Mandatory staffing levels in hospitals 'could leave community short'

NICE leader claims minimum nurse-to-patient ratios are too inflexible

The adoption of minimum staffing ratios in hospitals could drain nurses away from the community, according to the National Institute for Health and Care Excellence.

NICE deputy chief executive Gillian Leng told Welsh Assembly members considering the implementation of mandatory nurse-patient ratios in the country that a loss of staff outside acute settings was a concern.

She said that NICE guidance on safe staffing in community settings was being given greater priority, at the request of England’s chief nursing officer Jane Cummings.

Professor Leng was giving evidence to the health and social care committee of the Welsh assembly on the draft Safe Nurse Staffing Levels (Wales) Bill. This could pave the way for Wales to become the first part of the UK to set legal ratios.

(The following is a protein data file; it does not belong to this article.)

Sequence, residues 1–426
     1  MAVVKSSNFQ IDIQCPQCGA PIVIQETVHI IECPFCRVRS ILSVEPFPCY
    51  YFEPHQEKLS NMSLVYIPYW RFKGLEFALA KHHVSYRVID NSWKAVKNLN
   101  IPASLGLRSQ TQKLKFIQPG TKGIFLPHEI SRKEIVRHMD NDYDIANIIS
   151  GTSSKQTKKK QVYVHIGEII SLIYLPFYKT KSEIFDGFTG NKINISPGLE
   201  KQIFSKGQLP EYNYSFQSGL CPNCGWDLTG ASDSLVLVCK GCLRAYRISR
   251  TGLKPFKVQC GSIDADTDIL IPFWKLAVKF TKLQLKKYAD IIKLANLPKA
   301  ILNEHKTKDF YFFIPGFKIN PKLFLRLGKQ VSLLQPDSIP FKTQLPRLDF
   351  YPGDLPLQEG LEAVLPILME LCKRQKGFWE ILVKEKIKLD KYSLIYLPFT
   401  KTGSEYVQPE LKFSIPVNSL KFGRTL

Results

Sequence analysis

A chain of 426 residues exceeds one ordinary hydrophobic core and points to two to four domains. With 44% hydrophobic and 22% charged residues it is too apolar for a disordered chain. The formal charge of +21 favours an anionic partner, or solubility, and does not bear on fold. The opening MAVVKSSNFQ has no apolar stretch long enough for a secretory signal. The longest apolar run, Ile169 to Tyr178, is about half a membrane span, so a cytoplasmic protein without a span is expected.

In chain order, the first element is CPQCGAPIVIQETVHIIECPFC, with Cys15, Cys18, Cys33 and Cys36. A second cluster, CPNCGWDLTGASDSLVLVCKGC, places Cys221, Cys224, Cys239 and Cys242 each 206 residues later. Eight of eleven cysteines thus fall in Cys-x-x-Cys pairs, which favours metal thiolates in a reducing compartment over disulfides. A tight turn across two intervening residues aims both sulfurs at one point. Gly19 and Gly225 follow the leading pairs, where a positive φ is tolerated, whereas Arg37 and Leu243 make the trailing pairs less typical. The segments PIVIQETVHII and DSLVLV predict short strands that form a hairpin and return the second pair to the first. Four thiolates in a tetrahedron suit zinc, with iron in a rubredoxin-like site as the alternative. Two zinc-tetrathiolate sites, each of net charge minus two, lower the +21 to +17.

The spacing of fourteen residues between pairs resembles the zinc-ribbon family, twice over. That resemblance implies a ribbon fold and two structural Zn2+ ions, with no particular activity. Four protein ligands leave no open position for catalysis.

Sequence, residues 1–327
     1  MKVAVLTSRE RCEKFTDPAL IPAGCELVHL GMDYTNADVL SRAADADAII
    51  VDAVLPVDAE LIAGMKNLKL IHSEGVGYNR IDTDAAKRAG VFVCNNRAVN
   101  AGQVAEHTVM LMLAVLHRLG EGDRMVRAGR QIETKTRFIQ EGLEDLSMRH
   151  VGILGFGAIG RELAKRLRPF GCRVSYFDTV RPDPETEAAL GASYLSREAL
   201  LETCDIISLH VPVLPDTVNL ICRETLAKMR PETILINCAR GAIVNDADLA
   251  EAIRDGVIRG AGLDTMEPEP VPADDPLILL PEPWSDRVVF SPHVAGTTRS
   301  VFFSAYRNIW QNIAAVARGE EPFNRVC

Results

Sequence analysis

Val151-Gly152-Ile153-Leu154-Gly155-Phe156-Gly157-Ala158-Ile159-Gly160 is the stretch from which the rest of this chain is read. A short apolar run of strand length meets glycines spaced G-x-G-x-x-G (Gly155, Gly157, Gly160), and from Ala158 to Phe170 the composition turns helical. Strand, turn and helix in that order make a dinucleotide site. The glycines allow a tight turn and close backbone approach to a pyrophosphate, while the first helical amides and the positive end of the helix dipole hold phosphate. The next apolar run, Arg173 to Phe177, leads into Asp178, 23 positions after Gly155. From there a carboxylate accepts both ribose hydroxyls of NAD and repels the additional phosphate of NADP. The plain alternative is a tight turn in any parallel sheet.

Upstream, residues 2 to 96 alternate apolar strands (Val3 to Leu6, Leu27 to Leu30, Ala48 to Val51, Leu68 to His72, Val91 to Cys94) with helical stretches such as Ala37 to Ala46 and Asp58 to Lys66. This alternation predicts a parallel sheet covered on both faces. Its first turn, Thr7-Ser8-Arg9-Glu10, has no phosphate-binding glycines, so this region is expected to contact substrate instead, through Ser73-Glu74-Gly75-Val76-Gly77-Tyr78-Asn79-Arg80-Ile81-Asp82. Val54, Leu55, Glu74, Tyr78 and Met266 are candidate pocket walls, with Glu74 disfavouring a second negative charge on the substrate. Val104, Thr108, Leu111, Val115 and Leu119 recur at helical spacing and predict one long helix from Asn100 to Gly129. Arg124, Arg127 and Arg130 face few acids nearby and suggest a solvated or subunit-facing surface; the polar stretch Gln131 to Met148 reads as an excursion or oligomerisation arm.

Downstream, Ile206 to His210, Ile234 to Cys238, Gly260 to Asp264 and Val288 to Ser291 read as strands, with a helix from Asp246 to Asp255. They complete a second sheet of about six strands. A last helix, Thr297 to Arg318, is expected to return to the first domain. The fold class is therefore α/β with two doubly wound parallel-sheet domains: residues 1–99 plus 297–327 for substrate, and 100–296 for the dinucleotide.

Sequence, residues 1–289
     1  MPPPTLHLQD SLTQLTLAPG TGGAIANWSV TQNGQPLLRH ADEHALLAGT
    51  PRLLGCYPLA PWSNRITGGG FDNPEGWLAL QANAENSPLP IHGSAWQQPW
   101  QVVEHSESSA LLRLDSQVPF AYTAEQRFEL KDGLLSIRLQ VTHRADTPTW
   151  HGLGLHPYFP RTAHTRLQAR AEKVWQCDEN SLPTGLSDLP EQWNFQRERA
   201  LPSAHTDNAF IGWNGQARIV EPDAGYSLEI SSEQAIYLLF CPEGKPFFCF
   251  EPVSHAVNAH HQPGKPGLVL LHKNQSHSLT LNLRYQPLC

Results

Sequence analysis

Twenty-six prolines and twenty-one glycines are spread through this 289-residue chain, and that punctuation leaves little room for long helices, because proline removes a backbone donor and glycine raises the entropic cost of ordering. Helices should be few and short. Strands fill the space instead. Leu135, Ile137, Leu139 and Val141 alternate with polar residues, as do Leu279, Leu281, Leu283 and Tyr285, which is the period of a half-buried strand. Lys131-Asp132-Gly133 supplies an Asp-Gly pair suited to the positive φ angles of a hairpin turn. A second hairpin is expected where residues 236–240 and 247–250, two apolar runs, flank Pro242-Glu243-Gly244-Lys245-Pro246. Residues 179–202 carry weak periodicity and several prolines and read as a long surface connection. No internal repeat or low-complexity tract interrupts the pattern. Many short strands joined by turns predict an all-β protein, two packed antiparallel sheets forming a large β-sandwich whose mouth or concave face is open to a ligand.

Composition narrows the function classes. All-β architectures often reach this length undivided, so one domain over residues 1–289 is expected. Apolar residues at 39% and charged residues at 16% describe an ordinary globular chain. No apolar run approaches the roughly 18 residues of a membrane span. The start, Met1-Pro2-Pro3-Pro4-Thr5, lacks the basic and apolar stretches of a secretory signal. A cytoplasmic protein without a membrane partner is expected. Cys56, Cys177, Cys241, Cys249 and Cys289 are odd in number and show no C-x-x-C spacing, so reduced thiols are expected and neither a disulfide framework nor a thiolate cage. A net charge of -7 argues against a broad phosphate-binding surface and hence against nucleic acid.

Labour assembly member Lynne Neagle asked if the bill could lead to resources being pulled from other areas that are not covered by guidance, such as community nursing.

Professor Leng said this was a ‘reasonable concern’. The date for community staffing guidance has yet to be confirmed, although the deputy chief executive said it could be published late in 2016.

Professor Leng warned against the introduction of mandatory nurse-patient ratios. She said issues such as patient acuity, changes in technology, skill mix and length of stay make it difficult to set such ratios.

‘The risk is the minimum becomes the target,’ she said. ‘We know that the nurse requirements vary with time. The type of staff we have in hospital is going to continue to change. The key risk of setting something in legislation is that it is fixed.’

The draft bill does not prescribe minimum staffing ratios, but says Welsh ministers would provide guidance to health boards.

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